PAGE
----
The Difference Between a Power of Attorney and a Guardianship

Everyone needs a backup plan to protect them from the possibility that they may lose the ability to manage their own affairs. Life, after all, is full of curve balls. You might suffer an incapacitating injury. Your mental health might take a dive. You could be afflicted with a degenerative disease, like Alzheimer’s or multiple sclerosis (MS). And should any of these things happen (knock on wood!) you want to know you’re prepared.

In the world of estate planning, there are two general ways to manage this: either via a power of attorney document or a guardianship designation. The former is by far the more common (and more desirable) option, but it’s important to understand both.

Power of Attorney vs. Guardianship

Power of attorney is something you, yourself, grant. When you sign a power of attorney document, you designate a trusted loved one to manage your financial (and sometimes your medical) affairs in your stead. It’s a piece of paperwork every adult needs to complete so that their life does not fall into disarray should they lose the ability to complete critical, basic tasks.

Power of attorney can be general or limited, meaning you can either give your designated person full or only partial control over your financial (and medical) affairs. The pros and cons of these two options are best discussed with an experienced estate planning attorney.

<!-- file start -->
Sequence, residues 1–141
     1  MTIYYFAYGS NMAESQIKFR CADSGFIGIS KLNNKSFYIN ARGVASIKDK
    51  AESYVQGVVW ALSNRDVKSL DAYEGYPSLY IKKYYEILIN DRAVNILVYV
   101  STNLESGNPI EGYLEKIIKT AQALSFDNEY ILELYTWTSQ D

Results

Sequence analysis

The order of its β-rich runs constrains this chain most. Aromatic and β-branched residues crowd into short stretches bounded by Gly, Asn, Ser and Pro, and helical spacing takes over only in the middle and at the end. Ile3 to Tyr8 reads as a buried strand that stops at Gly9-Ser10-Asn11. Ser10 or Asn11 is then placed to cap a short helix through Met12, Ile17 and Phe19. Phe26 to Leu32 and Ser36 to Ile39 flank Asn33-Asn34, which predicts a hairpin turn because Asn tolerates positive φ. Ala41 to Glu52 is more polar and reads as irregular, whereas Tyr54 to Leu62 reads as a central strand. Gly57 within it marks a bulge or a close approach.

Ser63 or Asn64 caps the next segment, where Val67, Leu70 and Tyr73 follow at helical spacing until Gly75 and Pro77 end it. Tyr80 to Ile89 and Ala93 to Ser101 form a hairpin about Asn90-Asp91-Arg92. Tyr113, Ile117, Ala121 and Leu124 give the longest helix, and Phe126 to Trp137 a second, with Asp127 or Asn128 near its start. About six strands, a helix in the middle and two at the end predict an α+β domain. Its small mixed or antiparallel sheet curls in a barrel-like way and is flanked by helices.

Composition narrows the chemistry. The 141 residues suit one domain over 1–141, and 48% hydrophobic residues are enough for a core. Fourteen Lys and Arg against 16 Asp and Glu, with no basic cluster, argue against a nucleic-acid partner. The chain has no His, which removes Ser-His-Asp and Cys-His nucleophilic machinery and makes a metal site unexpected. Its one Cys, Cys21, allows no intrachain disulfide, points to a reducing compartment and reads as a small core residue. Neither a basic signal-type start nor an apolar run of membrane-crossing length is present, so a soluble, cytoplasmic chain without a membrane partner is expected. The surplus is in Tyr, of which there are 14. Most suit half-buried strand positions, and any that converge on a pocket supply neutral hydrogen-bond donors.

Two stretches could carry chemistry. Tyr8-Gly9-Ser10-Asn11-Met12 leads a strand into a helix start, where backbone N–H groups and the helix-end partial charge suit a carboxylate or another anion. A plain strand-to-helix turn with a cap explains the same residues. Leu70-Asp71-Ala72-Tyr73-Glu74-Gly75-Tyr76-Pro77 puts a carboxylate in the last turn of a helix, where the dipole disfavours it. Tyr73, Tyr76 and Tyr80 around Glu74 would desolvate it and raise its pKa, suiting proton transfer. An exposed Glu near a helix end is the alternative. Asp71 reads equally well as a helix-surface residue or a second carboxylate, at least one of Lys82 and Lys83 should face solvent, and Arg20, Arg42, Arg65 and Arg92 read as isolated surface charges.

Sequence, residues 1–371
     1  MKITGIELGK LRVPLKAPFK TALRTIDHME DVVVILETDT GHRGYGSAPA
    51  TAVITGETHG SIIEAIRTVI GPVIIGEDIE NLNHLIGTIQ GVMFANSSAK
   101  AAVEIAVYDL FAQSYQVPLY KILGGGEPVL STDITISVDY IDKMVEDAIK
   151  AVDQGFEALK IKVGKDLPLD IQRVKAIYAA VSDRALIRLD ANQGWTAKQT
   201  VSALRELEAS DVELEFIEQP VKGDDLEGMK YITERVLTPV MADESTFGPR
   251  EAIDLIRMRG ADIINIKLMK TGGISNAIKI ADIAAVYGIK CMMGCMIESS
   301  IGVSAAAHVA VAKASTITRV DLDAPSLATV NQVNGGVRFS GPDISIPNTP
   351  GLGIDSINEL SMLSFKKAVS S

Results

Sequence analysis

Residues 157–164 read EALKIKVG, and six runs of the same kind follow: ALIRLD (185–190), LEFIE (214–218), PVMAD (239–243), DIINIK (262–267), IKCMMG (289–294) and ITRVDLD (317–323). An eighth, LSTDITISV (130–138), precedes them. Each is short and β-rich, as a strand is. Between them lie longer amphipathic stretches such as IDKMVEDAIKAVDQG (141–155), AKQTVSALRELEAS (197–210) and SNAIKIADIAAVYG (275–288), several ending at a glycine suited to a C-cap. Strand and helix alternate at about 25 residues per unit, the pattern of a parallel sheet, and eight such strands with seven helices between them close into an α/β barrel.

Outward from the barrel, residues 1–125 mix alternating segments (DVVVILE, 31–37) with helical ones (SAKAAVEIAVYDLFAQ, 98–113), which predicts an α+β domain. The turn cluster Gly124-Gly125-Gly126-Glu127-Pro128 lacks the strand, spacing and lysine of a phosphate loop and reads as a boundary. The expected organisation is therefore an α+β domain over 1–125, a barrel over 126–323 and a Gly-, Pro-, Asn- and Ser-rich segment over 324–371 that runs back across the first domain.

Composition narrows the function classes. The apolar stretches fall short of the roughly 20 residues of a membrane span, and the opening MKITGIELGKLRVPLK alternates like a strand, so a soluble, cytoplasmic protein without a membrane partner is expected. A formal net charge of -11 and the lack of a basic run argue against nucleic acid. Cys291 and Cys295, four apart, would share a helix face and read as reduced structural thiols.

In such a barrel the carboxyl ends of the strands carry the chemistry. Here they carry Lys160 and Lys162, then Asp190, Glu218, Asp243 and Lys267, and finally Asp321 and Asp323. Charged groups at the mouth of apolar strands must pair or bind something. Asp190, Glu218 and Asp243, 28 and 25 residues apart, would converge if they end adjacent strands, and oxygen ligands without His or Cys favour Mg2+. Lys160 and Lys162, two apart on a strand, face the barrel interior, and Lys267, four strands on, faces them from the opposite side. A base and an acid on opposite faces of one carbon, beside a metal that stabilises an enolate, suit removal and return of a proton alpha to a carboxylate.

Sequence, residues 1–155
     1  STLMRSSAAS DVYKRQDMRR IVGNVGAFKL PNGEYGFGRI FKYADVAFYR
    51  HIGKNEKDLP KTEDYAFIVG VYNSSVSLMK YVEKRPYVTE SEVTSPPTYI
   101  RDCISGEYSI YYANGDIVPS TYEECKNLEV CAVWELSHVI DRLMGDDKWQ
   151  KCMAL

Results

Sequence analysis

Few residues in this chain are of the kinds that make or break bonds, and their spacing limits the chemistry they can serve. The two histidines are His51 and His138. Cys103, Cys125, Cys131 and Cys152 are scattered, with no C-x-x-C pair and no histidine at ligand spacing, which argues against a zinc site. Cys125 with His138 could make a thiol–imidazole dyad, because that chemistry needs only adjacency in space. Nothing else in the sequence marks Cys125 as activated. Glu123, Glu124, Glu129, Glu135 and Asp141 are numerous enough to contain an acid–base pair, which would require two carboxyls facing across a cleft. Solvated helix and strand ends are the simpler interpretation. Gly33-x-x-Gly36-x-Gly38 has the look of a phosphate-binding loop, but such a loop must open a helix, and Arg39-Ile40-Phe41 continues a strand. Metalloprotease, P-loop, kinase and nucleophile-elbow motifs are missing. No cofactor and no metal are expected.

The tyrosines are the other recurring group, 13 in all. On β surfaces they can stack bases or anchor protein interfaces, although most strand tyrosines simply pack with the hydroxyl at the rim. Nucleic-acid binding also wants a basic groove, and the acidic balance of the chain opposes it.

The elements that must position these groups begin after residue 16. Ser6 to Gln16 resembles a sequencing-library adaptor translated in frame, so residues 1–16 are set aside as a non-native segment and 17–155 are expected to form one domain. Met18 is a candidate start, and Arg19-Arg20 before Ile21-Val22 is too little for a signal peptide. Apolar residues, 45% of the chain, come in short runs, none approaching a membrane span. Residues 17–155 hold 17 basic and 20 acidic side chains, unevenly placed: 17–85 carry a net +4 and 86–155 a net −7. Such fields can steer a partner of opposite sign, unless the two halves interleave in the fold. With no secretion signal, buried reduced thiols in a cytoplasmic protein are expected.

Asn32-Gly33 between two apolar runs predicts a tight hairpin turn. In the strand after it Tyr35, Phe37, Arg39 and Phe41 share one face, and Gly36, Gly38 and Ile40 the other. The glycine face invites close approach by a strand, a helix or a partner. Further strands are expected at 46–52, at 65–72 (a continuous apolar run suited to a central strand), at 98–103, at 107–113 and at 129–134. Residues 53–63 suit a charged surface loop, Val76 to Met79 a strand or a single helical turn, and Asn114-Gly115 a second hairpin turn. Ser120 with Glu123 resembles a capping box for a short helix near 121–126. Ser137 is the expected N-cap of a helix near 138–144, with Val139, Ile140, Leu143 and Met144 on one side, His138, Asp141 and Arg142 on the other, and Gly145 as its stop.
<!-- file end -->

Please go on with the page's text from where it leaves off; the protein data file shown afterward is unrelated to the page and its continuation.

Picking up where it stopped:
A guardianship appointment, in contrast, is issued by a court. Sometimes people (and this could be you) lose the ability to care for themselves. When this happens, the legal system steps in to vest a third party with the power (and responsibility) to make decisions on their behalf.

A guardian can be authorized to make legal, financial, and healthcare-related decisions in place of the concerned individual. While this may be necessary in certain, extreme cases, it is also humiliating. Losing your agency is a tough blow, which is why state laws treat guardianship appointments as a last resort.

Less restrictive options (like power of attorney) must first be shown to be ineffective before a court will consider a guardianship appointment. This is a good thing because, as evidenced by the case of Britney Spears, guardianships can cause irreparable damage to families.

Should you be concerned about having a Plan B in place in case anything ever happens to you, a power of attorney document is the place to start. If estate planning attorneys had it their way, everyone would sign one upon reaching the age of majority–and, frankly, this is sound advice.

To learn more about setting up a power of attorney–either for yourself or an adult child–do not hesitate to reach out to the experienced attorneys at the Hailey-Petty Law Firm either by calling (512) 910-8977 in Austin, (210) 570-2458 in San Antonio, or by using the contact form on our website.

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